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November 1, 2012

Finding Common Ground: One Health Conference in Haiti

Why animal health and welfare matter in the developing world

Humane Society International

  • HSI's "One Health" conference in Port au Prince attracted over 80 attendees from different organizations and government agencies. Patrick Romulus

  • Field clinics are crucial to the success of any animal and human health program, and the latest clinic held in October 2012 reached over 100 animals in need of care. Amelia Muccio/HSI

  • The clinic also represented a great opportunity to deliver the message of the importance of animal health to young children at school. Patrick Romulus

by Amelia Muccio

According to the World Health Organization, there are over 200 zoonotic agents globally, including bacteria, parasites, fungi and viruses. Zoonotic diseases (diseases transmitted from animals to humans) cause millions of human deaths worldwide, mostly in the developing world. This inequitable burden of disease is preventable and is a critical focus for the improvement of human and animal health. 

"One Health"

An inclusive and holistic approach to human and animal health was the key message at HSI's "One Health" Conference held on October 24, 2012 in Port au Prince. The conference spotlighted the critical interdependencies between human and animal health, striving to bring focus on important issues in animal health and welfare through the lens of successful public health and livelihood strategies that improve the lives of humans and animals. As Amelia Muccio, HSI's Haiti Project Director, explained, "human health is improved by successful animal health/welfare interventions. Therefore, it is imperative that humanitarian groups engage veterinarians in their campaigns."

The conference featured speakers from the Centers for Disease Control and Prevention (CDC), Heifer International and Humane Society International. The agenda was broken into several key themes: 

  • Healthier Tomorrows addressed rabies and zoonotic disease transmission
  • Livelihoods discussed the importance of working equines as they represent seventy percent of goods transportation in Haiti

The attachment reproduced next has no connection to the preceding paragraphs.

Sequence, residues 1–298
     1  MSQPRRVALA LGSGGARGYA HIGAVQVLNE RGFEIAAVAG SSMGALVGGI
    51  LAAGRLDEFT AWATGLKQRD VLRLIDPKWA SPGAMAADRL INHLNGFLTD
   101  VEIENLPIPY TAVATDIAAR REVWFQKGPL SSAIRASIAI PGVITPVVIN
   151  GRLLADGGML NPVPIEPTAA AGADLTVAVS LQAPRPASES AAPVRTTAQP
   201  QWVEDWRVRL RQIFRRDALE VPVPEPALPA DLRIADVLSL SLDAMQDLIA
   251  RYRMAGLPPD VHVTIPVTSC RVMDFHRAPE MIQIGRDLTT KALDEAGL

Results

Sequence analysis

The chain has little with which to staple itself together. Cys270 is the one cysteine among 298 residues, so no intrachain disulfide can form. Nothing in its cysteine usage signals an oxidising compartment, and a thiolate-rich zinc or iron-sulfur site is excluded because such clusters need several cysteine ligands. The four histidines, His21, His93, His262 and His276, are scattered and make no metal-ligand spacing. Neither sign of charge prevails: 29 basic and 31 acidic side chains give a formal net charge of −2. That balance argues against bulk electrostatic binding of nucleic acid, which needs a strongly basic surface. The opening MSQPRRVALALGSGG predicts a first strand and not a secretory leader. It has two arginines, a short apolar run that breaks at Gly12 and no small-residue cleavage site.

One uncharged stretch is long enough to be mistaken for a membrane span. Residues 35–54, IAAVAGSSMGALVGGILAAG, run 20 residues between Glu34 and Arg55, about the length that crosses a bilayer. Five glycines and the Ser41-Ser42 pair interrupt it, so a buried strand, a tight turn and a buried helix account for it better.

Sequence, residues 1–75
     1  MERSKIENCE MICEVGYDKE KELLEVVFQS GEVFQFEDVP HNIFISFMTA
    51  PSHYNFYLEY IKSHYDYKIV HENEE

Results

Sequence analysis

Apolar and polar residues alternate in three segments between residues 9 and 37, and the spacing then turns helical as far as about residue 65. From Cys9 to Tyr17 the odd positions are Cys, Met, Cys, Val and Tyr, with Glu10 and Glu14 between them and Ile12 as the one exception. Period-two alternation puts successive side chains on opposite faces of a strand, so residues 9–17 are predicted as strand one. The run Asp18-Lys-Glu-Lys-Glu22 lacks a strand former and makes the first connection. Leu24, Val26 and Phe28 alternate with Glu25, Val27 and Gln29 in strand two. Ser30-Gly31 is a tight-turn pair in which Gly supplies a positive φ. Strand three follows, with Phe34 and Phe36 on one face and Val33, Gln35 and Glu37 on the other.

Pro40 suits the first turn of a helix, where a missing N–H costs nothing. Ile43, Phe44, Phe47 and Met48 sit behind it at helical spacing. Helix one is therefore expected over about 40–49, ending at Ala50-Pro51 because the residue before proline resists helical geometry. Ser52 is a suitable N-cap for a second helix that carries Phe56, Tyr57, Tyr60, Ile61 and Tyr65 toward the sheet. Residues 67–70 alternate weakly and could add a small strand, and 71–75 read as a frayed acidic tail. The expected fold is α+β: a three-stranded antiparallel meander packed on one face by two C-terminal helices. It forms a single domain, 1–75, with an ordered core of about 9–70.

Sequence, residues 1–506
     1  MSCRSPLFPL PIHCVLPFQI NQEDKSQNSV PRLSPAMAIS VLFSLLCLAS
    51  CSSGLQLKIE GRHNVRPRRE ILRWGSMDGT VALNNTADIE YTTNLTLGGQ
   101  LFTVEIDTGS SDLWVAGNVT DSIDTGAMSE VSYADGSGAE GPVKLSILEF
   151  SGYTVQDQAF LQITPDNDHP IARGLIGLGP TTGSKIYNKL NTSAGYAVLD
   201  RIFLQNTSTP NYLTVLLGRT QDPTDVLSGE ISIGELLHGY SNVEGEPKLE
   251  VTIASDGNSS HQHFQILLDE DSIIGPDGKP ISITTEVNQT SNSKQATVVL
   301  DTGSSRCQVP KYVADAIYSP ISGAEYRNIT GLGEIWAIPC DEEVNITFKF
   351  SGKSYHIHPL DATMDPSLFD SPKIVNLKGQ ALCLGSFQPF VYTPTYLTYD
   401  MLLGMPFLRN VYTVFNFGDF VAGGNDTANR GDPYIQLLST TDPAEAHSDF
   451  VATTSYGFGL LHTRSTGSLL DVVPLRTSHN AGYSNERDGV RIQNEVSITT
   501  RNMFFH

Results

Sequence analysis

• Shaping Tomorrow examined the importance of humane education for communities and schools.

The conference concluded with a panel discussion that addressed ways to strengthen integration and build partnerships in Haiti. The eighty-five attendees represented diverse backgrounds including the Ministries of Agriculture, Health and Education; representatives from Haitian NGOs; physicians; and veterinarians.  

In the field

Despite having a modernized animal clinic in Haiti that offers services to Haitian animals regardless of the owner's ability to pay, HSI realizes the important role the community plays in animal health and welfare. Field clinics are perfect opportunities to treat animals and to educate the public on issues that impact their lives including the transmission of diseases, how to avoid dog bites, and what to do if you are bitten by a dog. In the case of rabies, this education can truly be the difference between life and death. 

J/P HRO was established in the wake of the 2010 earthquake and is highly regarded for its timely and effective humanitarian assistance. On October 29, 2012, sporting our new Big Dog tee shirts, HSI partnered with Sean Penn’s NGO to deliver a medical field clinic for animals in their camp. The one day clinic treated over 100 animals and provided vaccinations, dewormer, medical care and surgery. HSI also provided education to students at their school on the importance of human and animal health and welfare. 

Healthy animals for a healthy life

The "One Health" conference and J/P HRO field clinic demonstrated that human health in theory and practice needs to involve animal health. Human and animal health are intertwined in the developing world and successful interventions need to address both sides of this delicate equation. While humans and animals may compete for resources in developing countries, there is a symbiotic relationship as well -- this symbiotic relationship demands public health interventions that focus on both human and animal health. 

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